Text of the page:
China’s housing market has gone from growth driver to drag, pulling the economy down despite the country’s post-COVID-19 lockdown reopening. Rebecca Feng and Cao Li report for The Wall Street Journal:
China’s housing market flipped from being a growth driver to an economic drag in 2022, with sales slumping, prices falling and widespread job losses. The prognosis for this year isn’t much better, compounding Beijing’s efforts to get its economy back on firmer footing.
Sales of new residential properties in the country tumbled 28% last year to the equivalent of $1.7 trillion in value terms, a five-year low. By floor area, they dropped to their lowest level in nearly a decade, after a wave of real-estate developer debt defaults, delays in construction of unfinished apartments and Covid-19 lockdowns dampened consumer confidence.
Land sales by area declined 53% in 2022 to a level below that of 1999, the year China’s National Bureau of Statistics began releasing the data. The drop indicates the future supply of new homes will be much less than during the property market’s recent boom years.
Together, the data show without doubt that China’s giant property bubble has burst, and the downturn could continue for a while before the market reaches a tipping point. Home prices have also been declining sequentially on average across 70 major cities that the government tracks.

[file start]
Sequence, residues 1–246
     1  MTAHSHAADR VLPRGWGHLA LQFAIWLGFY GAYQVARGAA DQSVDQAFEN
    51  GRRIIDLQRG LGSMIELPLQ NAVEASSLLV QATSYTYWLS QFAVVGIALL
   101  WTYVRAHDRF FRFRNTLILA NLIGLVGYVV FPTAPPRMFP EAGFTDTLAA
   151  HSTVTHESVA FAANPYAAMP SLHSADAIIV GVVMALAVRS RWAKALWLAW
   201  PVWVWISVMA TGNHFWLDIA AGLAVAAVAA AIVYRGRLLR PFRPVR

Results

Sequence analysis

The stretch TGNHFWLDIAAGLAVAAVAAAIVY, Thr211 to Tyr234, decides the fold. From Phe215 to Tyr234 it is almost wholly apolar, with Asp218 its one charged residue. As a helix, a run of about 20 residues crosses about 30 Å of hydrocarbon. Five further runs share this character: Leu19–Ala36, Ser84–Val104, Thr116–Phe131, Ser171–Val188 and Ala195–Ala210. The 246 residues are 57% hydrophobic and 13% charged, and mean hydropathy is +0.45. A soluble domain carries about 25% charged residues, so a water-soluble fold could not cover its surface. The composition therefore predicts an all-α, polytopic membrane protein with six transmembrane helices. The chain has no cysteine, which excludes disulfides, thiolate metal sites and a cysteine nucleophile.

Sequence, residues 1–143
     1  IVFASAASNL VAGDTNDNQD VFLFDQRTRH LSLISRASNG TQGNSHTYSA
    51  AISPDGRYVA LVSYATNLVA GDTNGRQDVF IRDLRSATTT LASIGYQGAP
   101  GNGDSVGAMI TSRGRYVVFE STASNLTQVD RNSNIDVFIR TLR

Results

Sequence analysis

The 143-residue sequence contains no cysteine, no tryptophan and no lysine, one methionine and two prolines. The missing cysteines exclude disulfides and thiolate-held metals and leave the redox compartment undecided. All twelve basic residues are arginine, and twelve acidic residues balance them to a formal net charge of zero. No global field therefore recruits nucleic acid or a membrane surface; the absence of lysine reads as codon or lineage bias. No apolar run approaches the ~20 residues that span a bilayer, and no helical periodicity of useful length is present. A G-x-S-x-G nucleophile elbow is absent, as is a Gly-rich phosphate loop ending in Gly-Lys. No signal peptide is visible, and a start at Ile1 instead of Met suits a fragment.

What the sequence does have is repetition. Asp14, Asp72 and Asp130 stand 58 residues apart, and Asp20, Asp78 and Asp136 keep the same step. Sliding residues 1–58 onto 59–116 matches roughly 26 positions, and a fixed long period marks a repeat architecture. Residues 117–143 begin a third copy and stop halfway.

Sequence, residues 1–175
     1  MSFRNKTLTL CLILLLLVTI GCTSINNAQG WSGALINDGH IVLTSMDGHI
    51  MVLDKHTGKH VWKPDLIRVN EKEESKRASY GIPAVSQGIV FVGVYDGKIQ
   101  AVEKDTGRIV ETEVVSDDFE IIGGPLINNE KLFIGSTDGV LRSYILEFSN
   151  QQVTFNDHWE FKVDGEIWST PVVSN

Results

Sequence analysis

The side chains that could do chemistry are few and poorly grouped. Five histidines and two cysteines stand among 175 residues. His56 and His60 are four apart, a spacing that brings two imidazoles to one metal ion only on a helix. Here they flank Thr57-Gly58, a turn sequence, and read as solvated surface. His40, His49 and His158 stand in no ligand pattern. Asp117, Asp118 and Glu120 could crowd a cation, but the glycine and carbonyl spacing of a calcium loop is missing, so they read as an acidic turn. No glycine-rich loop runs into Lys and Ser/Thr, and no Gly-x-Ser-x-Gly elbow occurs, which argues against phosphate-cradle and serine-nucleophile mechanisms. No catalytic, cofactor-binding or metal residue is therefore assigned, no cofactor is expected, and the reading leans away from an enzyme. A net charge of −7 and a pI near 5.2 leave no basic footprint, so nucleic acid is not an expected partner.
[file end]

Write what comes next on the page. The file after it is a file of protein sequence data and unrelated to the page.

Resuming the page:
“The road to deleverage the property sector is destined to be long and painful,” said Michael Pettis, a professor of finance at Peking University’s Guanghua School of Management. “We still have a long way to go,” he added.
Chinese authorities have over the past decade tried multiple times to bring down what they have long seen as excessive borrowing by property developers and speculative activity in the country’s housing market. Each time they tried to slow the sector down, they ultimately backed away because it caused too much pain on the economy, Mr. Pettis said.
Real estate and related industries such as construction and property services in recent years have contributed around a quarter of China’s gross domestic product, according to widely cited estimates from a research paper by economists Kenneth Rogoff of Harvard University and Yuanchen Yang of the International Monetary Fund.
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